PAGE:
Friday, October 2, 2015

Review: TRAM 83 by Fiston Mwanza Mujila

Tram 83From the back of the book
n an African city in recession, which could be Kinshasa or Lubumbashi, land tourists of all languages and nationalities. They have only one desire: to make a fortune by exploiting the mineral wealth's of the country. They work during the day in mining concession and, as soon as night falls, they go out to get drunk, dance, eat and abandon themselves in Tram 83, the only night-club of the city, the den of all the outlaws: ex children-soldiers, prostitutes, blank students, unmarried mothers, sorcerers' apprentices …

Lucien, a professional writer, fleeing the exaction's and the censorship, finds refuge in the city thanks to Requiem, a youth friend. Requiem lives mainly on theft and on swindle while Lucien only thinks of writing and living honestly. Around them gravitate gangsters and young girls, retired or runaway men, profit-seeking tourists and federal agents of a non-existent State.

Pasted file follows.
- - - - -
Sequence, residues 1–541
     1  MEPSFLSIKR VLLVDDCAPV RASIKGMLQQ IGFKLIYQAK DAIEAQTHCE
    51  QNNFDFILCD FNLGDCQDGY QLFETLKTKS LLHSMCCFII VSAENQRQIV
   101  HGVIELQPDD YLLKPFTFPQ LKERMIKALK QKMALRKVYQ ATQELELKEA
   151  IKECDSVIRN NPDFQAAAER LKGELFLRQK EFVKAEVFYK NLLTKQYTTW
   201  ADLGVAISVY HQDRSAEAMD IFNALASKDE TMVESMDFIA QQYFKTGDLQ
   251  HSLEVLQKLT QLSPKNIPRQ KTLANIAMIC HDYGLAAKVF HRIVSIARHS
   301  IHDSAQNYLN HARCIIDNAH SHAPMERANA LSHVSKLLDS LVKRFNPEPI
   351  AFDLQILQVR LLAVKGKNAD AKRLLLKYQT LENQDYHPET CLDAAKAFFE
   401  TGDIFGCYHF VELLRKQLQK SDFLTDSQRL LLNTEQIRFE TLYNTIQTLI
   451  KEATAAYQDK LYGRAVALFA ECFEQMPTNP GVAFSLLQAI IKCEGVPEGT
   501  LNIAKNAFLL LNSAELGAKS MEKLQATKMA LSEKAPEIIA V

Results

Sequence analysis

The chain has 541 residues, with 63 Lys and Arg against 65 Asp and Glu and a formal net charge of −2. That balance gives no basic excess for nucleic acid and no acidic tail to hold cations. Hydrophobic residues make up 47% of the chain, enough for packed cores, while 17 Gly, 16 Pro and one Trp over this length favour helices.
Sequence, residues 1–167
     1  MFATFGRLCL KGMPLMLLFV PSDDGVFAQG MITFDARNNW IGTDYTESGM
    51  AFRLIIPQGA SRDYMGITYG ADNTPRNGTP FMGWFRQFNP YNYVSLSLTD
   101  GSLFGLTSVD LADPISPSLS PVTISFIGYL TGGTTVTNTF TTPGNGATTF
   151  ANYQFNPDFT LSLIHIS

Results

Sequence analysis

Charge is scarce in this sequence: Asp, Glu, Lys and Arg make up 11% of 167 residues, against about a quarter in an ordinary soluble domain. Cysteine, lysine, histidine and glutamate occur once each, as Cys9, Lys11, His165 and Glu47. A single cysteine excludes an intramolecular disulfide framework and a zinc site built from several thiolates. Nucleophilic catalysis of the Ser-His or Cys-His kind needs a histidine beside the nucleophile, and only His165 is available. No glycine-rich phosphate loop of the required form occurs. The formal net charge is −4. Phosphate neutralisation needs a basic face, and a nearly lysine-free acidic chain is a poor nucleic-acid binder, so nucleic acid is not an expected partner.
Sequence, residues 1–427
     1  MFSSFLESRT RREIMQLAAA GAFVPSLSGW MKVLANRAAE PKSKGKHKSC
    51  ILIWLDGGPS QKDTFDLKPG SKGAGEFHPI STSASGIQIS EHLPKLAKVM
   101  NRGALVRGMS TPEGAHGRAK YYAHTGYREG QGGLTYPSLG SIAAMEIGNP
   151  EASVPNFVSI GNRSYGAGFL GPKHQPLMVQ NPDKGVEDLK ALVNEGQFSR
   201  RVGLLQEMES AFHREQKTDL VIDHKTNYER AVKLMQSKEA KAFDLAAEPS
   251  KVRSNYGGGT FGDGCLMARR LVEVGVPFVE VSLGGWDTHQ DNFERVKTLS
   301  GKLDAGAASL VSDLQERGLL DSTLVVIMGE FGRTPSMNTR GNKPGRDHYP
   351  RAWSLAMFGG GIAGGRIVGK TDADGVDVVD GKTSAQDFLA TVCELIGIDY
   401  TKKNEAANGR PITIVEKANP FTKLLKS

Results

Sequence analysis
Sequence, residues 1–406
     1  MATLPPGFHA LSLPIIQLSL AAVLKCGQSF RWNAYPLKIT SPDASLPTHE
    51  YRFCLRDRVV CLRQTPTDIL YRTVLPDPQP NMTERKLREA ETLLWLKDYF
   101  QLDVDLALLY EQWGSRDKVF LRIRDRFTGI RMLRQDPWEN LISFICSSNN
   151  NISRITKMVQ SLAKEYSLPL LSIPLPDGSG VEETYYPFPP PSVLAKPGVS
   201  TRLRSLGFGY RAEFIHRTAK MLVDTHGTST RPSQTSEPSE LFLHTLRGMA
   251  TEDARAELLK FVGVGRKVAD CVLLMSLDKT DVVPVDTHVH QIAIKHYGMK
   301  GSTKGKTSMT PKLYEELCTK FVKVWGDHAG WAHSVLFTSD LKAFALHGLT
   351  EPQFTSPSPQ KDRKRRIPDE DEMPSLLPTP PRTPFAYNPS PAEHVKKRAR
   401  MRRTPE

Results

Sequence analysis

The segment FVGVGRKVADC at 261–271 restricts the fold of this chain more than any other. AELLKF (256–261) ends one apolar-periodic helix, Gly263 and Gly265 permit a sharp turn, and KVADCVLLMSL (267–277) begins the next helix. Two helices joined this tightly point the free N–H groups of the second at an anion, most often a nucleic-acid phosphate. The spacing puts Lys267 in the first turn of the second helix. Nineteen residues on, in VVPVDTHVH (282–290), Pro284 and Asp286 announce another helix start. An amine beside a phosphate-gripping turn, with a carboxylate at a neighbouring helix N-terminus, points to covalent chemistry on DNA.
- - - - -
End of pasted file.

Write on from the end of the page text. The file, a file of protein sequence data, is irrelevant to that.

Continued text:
My Review
Tram 83 is a proverbial delicatessen of debauchery where mankind is mere meat readily and willingly consumable. 

James Ellroy would appreciate this writing style. The complex prose presents the reader with a puzzle pieced plot that gradually comes together, weaving its tale of self destruction through a foggy drug induced haze highlighting all the particulars necessary to depict poverty, sexuality, criminality, and the tedious boredom  that comes with a fallen high. Tram 83, the destination of the destitute is the biggest character in this unique novel and acts as the glue that binds its noxious narrative with author Fiston Mwanza Mujila not holding back on the evocative nature of the place-setting, its happenings, and its regular customers.  

Lucien, Requiem and an accompaniment of characters provide for a broader story that's difficult to fully realize due to the same-same nature of their dialogue yet, as Tram 83 (the place), is at it's core, a story in and above itself, I get the interchangeable nature of characters. That said, I would've liked more independence and distinguishable dialogue from one to another. 

TRAM 83 is a book to be savored, read slowly, and with an appreciation for the language.

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